A story of a naval officer and how he brought Japanese culture & design back to the United States after World War II
On December 7, 1941, Japan launched a surprise attack on Pearl Harbor, located in Oahu, Hawai’i. The U.S. had stopped exporting oil and other materials to Japan, which prompted the attack. Japan had hoped to destroy the U.S. Pacific fleet which would lead to the U.S. negotiating peace. In addition, Japan launched attacks on the U.S. territories of Guam, Wake Island and the Philippines, along with attacking British- controlled Hong Kong, Burma and Malaya. Japan intended to utilize the islands as bases from which they could attack Allied forces. By May 1942, the Allies had fought Japanese forces in the Battle of Coral Sea, which lies between Australia, New Guinea and the Solomon Islands. The Battle of the Coral Sea, was a victory on both sides: the Allies were successful in stopping the Japanese advance; however, the Japanese caused more damage to the Allied fleet.
On June 4, 1942, the Allied and Japanese navies fought at the Battle of Midway. Much like the Japanese attack on Pearl Harbor, the Allied forces launched a surprise attack against the Japanese Imperial Navy and were able to destroy 254 Japanese ships and aircraft. This was a turning point for the Allies fighting in the Pacific.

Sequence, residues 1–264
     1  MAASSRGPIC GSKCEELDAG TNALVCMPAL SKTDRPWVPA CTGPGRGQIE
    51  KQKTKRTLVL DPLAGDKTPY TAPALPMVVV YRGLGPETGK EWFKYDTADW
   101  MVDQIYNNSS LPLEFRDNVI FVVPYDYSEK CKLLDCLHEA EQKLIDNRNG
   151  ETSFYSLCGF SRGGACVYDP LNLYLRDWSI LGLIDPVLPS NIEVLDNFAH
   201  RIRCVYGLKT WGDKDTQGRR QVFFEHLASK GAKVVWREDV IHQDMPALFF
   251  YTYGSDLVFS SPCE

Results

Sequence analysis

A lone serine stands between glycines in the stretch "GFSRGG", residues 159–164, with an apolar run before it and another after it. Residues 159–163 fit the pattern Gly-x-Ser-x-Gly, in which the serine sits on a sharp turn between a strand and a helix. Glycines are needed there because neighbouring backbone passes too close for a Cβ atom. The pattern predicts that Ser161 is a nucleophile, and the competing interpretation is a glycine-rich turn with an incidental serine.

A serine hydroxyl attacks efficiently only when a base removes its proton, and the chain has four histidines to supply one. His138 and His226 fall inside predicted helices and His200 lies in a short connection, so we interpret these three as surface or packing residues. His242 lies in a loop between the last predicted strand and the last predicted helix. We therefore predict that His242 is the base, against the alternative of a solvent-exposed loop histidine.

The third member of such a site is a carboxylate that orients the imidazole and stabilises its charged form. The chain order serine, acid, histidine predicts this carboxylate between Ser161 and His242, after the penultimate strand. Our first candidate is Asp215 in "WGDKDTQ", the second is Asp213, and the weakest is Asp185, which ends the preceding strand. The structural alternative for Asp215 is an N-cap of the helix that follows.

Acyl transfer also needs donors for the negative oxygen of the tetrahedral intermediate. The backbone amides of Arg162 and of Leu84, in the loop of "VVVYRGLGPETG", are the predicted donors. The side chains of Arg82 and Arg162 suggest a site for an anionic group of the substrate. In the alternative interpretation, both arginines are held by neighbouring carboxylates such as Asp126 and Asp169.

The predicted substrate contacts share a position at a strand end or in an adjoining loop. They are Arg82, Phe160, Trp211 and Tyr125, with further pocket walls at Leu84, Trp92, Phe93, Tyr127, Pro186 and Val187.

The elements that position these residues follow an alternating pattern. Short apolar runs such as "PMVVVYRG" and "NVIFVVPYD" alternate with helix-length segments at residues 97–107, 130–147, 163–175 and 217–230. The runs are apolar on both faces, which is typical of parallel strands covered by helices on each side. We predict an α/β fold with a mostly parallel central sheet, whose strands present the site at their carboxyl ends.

After the Battle of Midway, the Allies continued to engage and defeat the Japanese navy in battle. The Allies used the strategy called “Island Hopping,” in which Allied forces skipped over heavily fortified Japanese-held islands and instead captured and held lightly fortified islands to support the next advance. This then left Japanese strongholds isolated and cut off from supplies, causing the defenders to weaken due to starvation and disease. During the war, the Allies fought in almost twenty different battles, with the bloodiest being fought on the islands of Iwo Jima and Okinawa.